Online communications are ever increasing, and we are constantly faced with the challenge of whether online information is credible or not. Being able to assess the credibility of others was once the work solely of intelligence agencies. In the current times of disinformation and misinformation, understanding what we are reading and to who we are paying attention to is essential for us to make considered, informed, and accurate decisions, and it has become everyone’s business. This paper employs a literature review to examine the empirical evidence across online credibility, trust, deception, and fraud detection in an effort to consolidate this information to understand adversary online credibility – how do we know with whom we are conversing is who they say they are? Based on this review, we propose a model that includes examining information as well as user and interaction characteristics to best inform an assessment of online credibility. Limitations and future opportunities are highlighted.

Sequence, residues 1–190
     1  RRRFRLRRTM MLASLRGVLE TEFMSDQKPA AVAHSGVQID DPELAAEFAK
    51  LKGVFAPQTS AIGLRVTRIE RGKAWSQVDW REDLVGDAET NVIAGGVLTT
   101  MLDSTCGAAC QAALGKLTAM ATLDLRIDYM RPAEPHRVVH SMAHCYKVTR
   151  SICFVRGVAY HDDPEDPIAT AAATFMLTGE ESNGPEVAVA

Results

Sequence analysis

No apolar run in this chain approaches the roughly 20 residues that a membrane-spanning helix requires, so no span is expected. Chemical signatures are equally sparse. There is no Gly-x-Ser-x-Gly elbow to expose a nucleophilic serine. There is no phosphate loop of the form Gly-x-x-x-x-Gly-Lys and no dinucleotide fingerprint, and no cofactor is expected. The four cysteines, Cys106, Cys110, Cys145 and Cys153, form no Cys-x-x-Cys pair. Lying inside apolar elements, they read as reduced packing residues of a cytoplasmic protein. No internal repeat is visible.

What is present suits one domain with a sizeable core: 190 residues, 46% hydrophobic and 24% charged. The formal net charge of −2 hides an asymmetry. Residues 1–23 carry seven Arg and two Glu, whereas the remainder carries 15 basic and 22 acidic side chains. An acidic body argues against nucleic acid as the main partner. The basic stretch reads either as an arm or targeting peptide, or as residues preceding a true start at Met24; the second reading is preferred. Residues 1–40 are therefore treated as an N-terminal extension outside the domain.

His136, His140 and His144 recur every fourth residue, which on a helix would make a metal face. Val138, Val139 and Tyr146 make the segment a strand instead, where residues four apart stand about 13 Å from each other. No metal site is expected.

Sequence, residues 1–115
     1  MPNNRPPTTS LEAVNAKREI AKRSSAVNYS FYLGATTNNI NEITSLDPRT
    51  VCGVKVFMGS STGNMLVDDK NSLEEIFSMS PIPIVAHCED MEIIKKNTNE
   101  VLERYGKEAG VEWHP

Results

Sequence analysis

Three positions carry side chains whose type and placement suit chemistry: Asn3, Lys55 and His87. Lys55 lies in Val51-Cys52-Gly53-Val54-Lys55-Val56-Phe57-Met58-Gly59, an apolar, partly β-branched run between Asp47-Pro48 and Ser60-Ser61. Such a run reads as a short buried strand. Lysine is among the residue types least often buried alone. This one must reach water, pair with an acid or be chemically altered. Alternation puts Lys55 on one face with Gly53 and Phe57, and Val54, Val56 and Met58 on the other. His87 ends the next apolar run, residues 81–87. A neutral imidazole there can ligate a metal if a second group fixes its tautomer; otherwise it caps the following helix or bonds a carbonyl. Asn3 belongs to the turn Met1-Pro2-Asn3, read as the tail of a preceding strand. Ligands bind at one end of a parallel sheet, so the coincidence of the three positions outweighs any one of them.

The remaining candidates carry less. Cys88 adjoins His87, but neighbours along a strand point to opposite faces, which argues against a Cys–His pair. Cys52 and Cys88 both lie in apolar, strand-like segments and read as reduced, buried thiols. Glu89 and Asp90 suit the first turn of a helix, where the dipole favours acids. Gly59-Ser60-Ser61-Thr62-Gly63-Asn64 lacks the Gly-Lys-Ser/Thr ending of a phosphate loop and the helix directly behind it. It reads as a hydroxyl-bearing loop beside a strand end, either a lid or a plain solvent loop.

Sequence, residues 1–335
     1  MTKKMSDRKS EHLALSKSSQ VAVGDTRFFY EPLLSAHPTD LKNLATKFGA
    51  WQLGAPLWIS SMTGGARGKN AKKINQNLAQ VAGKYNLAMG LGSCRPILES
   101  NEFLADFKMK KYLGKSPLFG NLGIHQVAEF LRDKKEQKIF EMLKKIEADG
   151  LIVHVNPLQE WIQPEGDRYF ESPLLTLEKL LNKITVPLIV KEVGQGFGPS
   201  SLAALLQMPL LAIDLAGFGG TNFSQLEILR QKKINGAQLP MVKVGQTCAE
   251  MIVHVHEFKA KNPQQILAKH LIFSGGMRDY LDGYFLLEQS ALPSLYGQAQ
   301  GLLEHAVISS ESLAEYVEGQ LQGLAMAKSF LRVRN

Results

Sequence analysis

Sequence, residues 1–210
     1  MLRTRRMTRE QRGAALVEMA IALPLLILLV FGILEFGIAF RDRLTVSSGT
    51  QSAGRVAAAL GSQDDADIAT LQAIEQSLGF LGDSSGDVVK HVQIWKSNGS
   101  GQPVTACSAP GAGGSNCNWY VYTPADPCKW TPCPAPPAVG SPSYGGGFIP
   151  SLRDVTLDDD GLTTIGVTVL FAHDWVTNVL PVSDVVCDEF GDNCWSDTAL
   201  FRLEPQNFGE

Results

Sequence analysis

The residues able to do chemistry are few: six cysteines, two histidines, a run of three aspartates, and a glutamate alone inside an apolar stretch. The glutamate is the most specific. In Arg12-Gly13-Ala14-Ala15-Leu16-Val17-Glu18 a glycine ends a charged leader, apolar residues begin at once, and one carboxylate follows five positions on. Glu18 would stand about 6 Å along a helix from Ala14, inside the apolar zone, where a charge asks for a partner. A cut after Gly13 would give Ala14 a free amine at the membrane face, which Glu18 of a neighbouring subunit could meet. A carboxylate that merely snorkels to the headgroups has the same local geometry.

Note on the Author(s)

Jenny A. Wells, Australian Signals Directorate, Australia Dana S. LaFon, National Security Agency, U.S.A. Margaret Gratian, National Security Agency, U.S.A.